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FRANKFURT (Reuters) - Indebted Greece was given a further shot in the arm on Monday when the European Central Bank said it would accept all Greek government bonds as security for loans, even if their credit rating continues to fall.
The ECB's move to suspend its minimum threshold for Greek debt means the bonds will remain eligible as collateral for loans even if ratings agencies Moody's and Fitch follow Standard & Poor's and downgrade Greece to junk status.
The decision, the second change to the ECB's borrowing rules in less than two months, will guarantee Greek banks' access to cheap central bank funding, and analysts said it should also help increase Greek bonds' attractiveness to investors.
It comes after the European Union and the International Monetary Fund announced a 110 billion euro ($146 billion) aid package for Greece on Sunday, coupled with spending cuts and tax hikes.
The ECB said in a statement that it was satisfied with Greece's new savings measures and suspending the BBB- threshold -- which still applies to other debt -- was a recognition of Greece's efforts and the coming aid package.
"The Governing Council has assessed the (Greek debt cutting) program and considers it to be appropriate," the ECB said.
"This positive assessment and the strong commitment of the Greek government to fully implement the program are the basis, also from a risk management perspective, for the suspension announced herewith."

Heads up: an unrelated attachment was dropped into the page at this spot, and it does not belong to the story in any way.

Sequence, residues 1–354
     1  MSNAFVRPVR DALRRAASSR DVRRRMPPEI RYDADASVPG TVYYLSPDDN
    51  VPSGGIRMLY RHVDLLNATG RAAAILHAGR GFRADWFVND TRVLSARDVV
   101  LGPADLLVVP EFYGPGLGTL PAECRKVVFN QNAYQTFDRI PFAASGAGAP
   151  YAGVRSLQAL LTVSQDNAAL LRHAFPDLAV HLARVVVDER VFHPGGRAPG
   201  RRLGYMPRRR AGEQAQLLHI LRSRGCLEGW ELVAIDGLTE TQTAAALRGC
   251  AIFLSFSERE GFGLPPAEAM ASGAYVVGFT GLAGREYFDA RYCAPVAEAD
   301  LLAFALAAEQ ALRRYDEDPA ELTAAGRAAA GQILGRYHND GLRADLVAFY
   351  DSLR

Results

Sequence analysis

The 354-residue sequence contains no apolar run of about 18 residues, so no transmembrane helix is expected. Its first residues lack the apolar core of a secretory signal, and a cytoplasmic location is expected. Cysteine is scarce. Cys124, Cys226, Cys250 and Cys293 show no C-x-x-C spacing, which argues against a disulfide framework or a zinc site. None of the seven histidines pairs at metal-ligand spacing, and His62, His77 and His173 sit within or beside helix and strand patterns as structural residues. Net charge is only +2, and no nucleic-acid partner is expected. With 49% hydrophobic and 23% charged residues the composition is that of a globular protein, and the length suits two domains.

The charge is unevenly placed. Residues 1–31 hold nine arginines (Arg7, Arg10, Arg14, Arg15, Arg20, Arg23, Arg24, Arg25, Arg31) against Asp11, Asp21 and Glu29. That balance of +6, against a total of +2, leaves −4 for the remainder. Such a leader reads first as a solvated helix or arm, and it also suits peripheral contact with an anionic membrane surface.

Asked if the ECB would allow a similar exemption for Portugal, Spain or Ireland, ECB Governing Council member Athanasios Orphanides said only Greece was discussed.
"Greece is the only country for which this issue was raised for discussion, as the assessment was made for a specific program of consolidating public finances," he told a news conference on the release of the Cypriot central bank's annual report.
The move ensures Greek banks will continue to have access to liquidity even if they cannot access funds in wholesale markets. "They want to make sure that the question of Greek banks (having) access to liquidity will not be an issue in this crisis. It's one less thing to worry about," Goldman Sachs economist Dirk Schumacher said.
The ECB has already lowered the bar on collateral during the financial crisis. Pre-crisis it only took debt rated in A territory, but it has loosened rules to allow banks to borrow ECB money on the back of assets rated as low as BBB-.
Last week S&P cut Greek debt to junk status, or BB+, following a further increase in estimates of its fiscal deficit. Moody's had threatened to do the same, prompting speculation that a BBB- threshold might not be low enough to guarantee Greek bonds' eligibility as collateral.
UniCredit fixed income analyst Kornelius Purps said he expected the suspension to remain in place for several years.
"I don't know if it was necessary at this time but it takes some pressure off Greek government bonds," he said.
"It highlights the pragmatic and flexible approach of the ECB, so it will not be the ECB that will bring further trouble for euro zone growth."
The move also neutralizes the power of credit ratings agencies in deciding which debt is eligible to be swapped for cheap central bank funds.
ECB policymakers on Friday criticized ratings agencies for being too quick to write off Greece, and Austria's Ewald Nowotny is among those who have complained such agencies have too much power.
For a Q&A on the ECB's collateral rules, see
Reporting by Marc Jones; editing by John Stonestreet and Neil Stemleman/Tony Austin